In effort to stay competitive in employment market, Lenexa approves $1.7 million in pay increases for city staff

Lenexa City Hall.

By Jerry LaMartina

Paychecks for some of Lenexa’s city workers are on their way up.

The Lenexa City Council unanimously approved a resolution at its Tuesday night meeting approving increases in the fiscal 2018 pay plan and authorizing the city administrator to implement the updated plan. The resolution was approved as part of the council’s consent agenda, without discussion.

The merit increases and pay plan adjustments will cost an estimated $1.7 million, according to a Tuesday memo to the council from Human Resources Director James Bowers. City staffers worked with Lockton Companies Inc. to review the plan and ensure its market competitiveness.

The 2018 budget included $1.25 million for pay plan adjustments. The roughly $450,000 to cover the approved increases will come from reducing the city’s contribution to the Health Care Fund in 2018 from about $5.44 million to $4.99 million, according to the memo. The fund’s reserve balance is sufficient to cover the $450,000 needed for the increases.

“The City’s pay plan is a key component in recruiting and retaining a quality workforce,” according to the memo.

The city’s staff had worked with Lockton in fiscal 2014 to develop an upgraded pay plan for fiscal 2015, which was approved and implemented in April 2015; the city’s pay plan had been upgraded in 2006. Merit and market increases were approved under the 2015 plan in fiscal 2016 and 2017. The council approved adjustments to the fiscal 2018 plan in December 2017.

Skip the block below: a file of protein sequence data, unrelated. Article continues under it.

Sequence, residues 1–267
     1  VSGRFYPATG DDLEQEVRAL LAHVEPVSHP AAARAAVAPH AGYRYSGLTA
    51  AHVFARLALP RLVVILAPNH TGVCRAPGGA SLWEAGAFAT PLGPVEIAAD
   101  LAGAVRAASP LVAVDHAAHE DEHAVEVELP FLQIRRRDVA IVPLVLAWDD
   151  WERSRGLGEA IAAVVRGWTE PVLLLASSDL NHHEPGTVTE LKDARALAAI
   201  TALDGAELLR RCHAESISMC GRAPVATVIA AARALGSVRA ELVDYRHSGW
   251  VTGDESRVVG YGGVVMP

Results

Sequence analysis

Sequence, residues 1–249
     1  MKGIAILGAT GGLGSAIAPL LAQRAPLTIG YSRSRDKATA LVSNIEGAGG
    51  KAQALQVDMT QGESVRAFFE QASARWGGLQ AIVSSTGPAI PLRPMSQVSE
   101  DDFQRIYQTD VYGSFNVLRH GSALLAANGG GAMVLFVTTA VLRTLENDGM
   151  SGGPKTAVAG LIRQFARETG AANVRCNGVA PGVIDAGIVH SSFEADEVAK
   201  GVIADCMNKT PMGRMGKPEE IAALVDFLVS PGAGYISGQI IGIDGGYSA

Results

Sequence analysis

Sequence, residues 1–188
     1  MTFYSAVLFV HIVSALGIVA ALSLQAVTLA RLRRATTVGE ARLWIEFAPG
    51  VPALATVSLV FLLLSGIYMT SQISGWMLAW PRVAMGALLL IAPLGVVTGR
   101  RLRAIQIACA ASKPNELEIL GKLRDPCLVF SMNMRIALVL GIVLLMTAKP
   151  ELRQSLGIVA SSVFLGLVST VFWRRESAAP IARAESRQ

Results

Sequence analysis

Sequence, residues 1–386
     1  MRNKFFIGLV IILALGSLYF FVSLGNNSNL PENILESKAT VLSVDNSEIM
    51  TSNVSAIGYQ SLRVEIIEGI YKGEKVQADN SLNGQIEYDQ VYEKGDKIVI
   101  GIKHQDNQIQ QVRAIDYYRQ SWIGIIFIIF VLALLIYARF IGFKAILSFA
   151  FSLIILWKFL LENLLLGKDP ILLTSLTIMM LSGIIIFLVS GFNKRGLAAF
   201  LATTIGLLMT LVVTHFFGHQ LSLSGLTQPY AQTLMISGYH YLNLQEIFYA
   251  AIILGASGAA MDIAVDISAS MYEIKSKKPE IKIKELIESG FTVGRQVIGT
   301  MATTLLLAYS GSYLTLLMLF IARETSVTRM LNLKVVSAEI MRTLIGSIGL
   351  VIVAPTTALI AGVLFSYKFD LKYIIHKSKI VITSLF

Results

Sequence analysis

According to the memo, city staff conducted the latest review using the same requirements used with the fiscal 2015 plan:

  • Ensure the plan is fair to all employees and maintains internal equity between jobs.
  • Use data from the same local peer organizations, including the Central Jackson County Fire Protection District; Consolidated Fire District No. 2 of Johnson County; and the cities of Blue Springs, Leawood, Olathe, Overland Park and Shawnee.
  • Keep changes within the fiscal 2018 budget’s limits.

The council also approved changes to guidelines for administering the pay plan. Current employees will be placed in the pay ranges associated with their positions based on credit for 100 percent of their service time in their current positions; 20 percent for all completed years of service with the city in addition to years in their current positions; and 20 percent for all completed years of directly related prior service.

The goal is for employees to reach the pay midpoints for their jobs within five to six years of service credit and maximum pay within 10 to 12 years of service credit, according to Bowers’ memo. Based on this, the updated pay plan will result in some employees getting pay increases.

City Administrator Eric Wade will determine when the upgraded pay plan will be implemented. That’s expected to be early in the second quarter, city spokeswoman Denise Rendina said.

In future years, the city’s staff will review pay data annually and recommend required changes to pay ranges and amounts of pay increases.

“These efforts will help ensure the City’s pay plan remains competitive with local peer organizations,” according to the memo. “Any future pay adjustments are contingent upon available budgetary resources and would require Governing Body approval on an annual basis.”

The pay schedule approved by the council Tuesday is below: